There are a lot of terrible shows out there who have characters that are too good for their shows. Or good shows who just have too many characters to service. So as has become our annual tradition (2010, 2009, 2008), we've found shows where these people would be far better utilized.
The family that screws up together, stays together.
The second season finale of the trainwreck known as Bachelor Pad aired last night and the episode itself was kind of forgettable... the only worthwhile thing that happened was that Michael and Holly decided to take Michelle and Graham to the finale with them instead of Vienna and Kasey. (Yes, Vienna was crushed because her perfect rose record was demolished.) The rest of the time was spent with the pairs flying around in some Cirque Du Soleil harnesses to impress former Bachelor alums Trista, Jason and Ali (carried onto the stage by Roberto). But the reunion? That was where the fun actually started. Here are the highlights:
Good news for Norbit fans!
It's been a big week for terrible human beings, so with much debate we've decided to omit list regular Ashley (Real Housewives of New Jersey) because her actions this week spilled out too much from her same bratty antics from last time around. Though, truthfully, that stupid fedora she was wearing could arguably land her on here for entirely different reasons. But in spite of everything, we're leaving her off to make room for these winners.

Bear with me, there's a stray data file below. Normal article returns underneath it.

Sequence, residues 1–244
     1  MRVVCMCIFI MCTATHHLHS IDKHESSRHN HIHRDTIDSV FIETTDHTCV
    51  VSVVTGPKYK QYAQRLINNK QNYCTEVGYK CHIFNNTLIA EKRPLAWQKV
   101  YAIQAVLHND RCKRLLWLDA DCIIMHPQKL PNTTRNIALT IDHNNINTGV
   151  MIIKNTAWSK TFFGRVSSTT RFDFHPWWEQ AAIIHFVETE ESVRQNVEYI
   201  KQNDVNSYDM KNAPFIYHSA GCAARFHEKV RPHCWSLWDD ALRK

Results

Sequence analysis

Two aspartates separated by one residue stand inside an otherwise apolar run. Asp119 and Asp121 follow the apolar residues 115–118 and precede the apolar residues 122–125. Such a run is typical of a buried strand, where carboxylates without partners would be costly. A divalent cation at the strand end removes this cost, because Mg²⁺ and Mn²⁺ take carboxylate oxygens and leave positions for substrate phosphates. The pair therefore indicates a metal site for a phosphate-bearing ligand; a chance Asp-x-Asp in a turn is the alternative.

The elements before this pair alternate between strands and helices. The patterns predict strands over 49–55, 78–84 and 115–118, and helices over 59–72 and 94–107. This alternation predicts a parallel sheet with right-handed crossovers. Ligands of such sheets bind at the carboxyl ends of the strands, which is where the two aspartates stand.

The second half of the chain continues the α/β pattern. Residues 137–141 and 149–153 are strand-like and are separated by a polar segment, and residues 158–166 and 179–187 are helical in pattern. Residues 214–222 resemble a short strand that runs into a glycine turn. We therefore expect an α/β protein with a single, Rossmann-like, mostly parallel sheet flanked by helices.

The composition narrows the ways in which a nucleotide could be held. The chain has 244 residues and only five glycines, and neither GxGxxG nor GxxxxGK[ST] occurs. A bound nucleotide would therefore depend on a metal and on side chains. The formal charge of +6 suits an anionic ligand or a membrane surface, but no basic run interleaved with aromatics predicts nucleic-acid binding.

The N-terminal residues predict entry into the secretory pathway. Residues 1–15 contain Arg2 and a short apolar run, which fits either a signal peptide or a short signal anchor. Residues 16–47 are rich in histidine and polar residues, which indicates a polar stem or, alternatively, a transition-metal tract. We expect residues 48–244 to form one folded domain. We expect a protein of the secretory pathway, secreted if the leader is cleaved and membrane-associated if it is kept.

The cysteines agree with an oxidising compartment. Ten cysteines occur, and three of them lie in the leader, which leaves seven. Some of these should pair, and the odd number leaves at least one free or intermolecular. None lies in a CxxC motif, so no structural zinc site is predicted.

Of all the network upfronts each May, CBS' is the one I usually dread sitting through the most simply because it always kicks off with president and CEO Les Moonves both arrogantly crowing about yet another year as the highest-rated network overall ("more Americans watched NCIS this season than went to see Avatar") and trying to convince the audience of advertisers and journalists that everything is just hunky dory in the broadcast biz. But other than his spiel and an awkward but well-intentioned bit by Jim Parsons in character as Sheldon Cooper (something about how he'd use a time machine to go back to NBC's 1969 upfront to convince advertisers to invest in the original Star Trek), the rest of CBS' 2010-11 presentation cruised by fairly painlessly, despite a few clunkers in their new lineup.
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